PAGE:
Red Hat, the enterprise open-source software vendor, announced financial results for its fiscal year 2010 third quarter on Tuesday, noting an 18 percent jump from the same quarter one year ago.
Total revenue for the quarter was $194.3 million, with $164.4 million of that coming from subscriptions. That's a 21 percent year-over-year increase, Red Hat said.
"Continued solid execution drove another quarter of strong results for Red Hat. Our double digit growth in the current economic environment was driven by our compelling value proposition and outstanding service," stated Jim Whitehurst, President and Chief Executive Officer of Red Hat.
Red Hat's net income for the quarter was $16.4 million, or $0.08 per diluted share, compared to $24.3 million, or $0.12 per diluted share in the same quarter one year ago.
Linux gurus will talk all day about the security benefits of their open-source kernel over Microsoft's proprietary Windows platform, but can Linux do multitouch like Windows 7? Why yes, yes it can, though it takes a little handiwork on the part of the end user.
Most Linux distros don't yet support multitouch screens out of the box, but that doesn't matter, because France's ENAC Interactive Computing Lab has put together a video demonstrating multitouch on a PC running Fedora 12 on what looks to be be a 10-inch touchscreen display.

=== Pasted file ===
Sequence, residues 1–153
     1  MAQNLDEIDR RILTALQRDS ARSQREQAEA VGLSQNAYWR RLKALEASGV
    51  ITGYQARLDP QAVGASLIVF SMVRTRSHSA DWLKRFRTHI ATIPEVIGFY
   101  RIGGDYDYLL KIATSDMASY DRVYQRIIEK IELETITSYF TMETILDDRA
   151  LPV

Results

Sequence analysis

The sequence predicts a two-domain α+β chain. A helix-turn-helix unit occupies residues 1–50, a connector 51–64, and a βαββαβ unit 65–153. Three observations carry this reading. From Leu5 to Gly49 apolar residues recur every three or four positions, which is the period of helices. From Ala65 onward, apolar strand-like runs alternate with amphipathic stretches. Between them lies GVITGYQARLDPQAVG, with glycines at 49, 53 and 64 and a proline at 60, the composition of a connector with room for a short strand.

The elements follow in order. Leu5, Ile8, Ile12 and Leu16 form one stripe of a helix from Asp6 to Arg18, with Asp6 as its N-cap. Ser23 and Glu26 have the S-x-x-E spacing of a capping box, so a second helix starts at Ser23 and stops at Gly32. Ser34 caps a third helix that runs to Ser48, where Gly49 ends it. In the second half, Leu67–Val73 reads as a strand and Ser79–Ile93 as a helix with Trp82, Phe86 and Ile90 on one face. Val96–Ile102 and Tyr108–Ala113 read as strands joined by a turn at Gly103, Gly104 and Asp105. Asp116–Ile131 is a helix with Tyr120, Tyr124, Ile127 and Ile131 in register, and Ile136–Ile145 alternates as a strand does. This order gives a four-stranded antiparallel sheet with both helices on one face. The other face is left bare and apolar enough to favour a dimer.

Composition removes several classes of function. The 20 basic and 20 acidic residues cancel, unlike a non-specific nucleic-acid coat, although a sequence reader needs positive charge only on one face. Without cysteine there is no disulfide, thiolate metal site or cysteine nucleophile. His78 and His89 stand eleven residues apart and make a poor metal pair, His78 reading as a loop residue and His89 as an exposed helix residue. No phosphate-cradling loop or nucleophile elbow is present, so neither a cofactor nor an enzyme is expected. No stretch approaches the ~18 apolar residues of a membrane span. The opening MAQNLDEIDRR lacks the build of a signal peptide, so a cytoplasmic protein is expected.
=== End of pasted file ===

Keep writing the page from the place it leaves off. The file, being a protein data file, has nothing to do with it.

According to Liliputing.com, it's made possible by combining the Linux kernel 2.6.31 with a modified version of X.org 1.7. Sprinkle in supported hardware and drivers, and you suddenly have a Linux machine able to perform the same multitouch tricks as Windows 7.
Check out the video (complete with a groovy background tune) here.
The Windows ecosystem is filled with more programs than we will ever need. But while you know to install essential programs like Firefox and Steam onto every new PC, there are plenty of core utilities you should install before downloading any application software.
We pick out the 33 most useful utilities that enhance the Windows operating system. These aren't apps used for productivity (like word processing or web browsing) or entertainment (like video playback or gaming). Instead, they strengthen the backbone of Windows by optimizing hardware and system software. From single-purpose diagnostic tools to user-interface replacements, these programs provide general support to overhaul the gestalt of the Windows experience.